By Neal Flesner
When it comes to World Class™ construction partnering, it’s important to focus on strategic culture change versus tactical or process change.
Changing Behaviors Versus Changing Culture
There is a huge difference between just tweaking individual behaviors and truly changing a problem project team’s culture to one of a winning team that sustains success.
For example, a project team might decide to improve their communication by implementing the practice of no e-mails or letters except to confirm a verbal conversation unless they are communicating facts or data. This is a communication tactic we encourage during our partnering sessions and have found that project teams who have implemented this protocol significantly improve communication and problem solving.
Still, only implementing the “no emails” practice, will not create a fundamental shift in the project team’s mindset any more than simply implementing a hard-hat enforcement practice will produce a true project-wide safety culture.
“How do you know if you’ve changed the safety culture on a project? When you not only see results, but when everyone on the project owns the safety effort. It is not being done to them; rather, it is an integral part of the way they do their work every day.”
A Project Safety Metaphor
Safety processes and practices such as site-specific safety plans, hard hats, safety glasses, fall protection and safety walks can make a jobsite safe. There are plenty of books, videos and seminars on project safety. But most of us know that just providing craftspeople with information on safety practices does not create a culture of safety on a jobsite—nor can management exhort or force it. This behavior, as most of us know, creates short-term compliance at best.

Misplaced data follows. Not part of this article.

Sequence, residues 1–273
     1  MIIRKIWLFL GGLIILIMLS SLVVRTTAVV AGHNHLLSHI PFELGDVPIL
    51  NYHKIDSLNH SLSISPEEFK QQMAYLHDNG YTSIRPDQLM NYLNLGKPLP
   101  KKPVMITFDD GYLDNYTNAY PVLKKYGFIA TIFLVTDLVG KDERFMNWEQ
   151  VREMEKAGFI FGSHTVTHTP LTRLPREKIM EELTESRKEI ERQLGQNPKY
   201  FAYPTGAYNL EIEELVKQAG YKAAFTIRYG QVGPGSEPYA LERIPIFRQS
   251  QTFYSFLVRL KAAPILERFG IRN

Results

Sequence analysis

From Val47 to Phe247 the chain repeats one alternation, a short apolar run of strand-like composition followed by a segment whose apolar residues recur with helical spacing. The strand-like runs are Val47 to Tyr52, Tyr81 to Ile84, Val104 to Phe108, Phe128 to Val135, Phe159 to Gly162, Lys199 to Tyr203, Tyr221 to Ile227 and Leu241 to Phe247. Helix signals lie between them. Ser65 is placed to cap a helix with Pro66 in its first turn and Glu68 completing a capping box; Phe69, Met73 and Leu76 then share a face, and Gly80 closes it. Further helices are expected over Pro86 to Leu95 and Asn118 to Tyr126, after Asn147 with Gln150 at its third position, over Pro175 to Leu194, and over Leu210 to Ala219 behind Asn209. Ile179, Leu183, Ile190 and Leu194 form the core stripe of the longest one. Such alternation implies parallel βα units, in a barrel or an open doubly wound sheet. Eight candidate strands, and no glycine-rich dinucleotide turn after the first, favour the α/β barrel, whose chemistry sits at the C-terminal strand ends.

How do you know if you’ve changed the safety culture on a project? When you not only see results, but when everyone on the project owns the safety effort. It is not being done to them; rather, it is an integral part of the way they do their work every day.
The same can be said of having a World Class project versus a problem one. Change a team’s behaviors and then reinforce and recognize those behaviors and the team behaves and acts as a World Class team.
Implementing Culture Change
When best practices in partnering are implemented comprehensively with a project reset around compelling team goals, these practices will create ownership of these steps, shifting the culture of your project team. The comprehensive turnaround requires more effort and commitment but will yield greater satisfaction and rewards.
Yet, we’ve found that even with additional work required, implementing collaborative culture change is a positive effort in which individuals on project teams often willingly and passionately engage. Winning is never easy, but rather is challenging, satisfying and rewarding.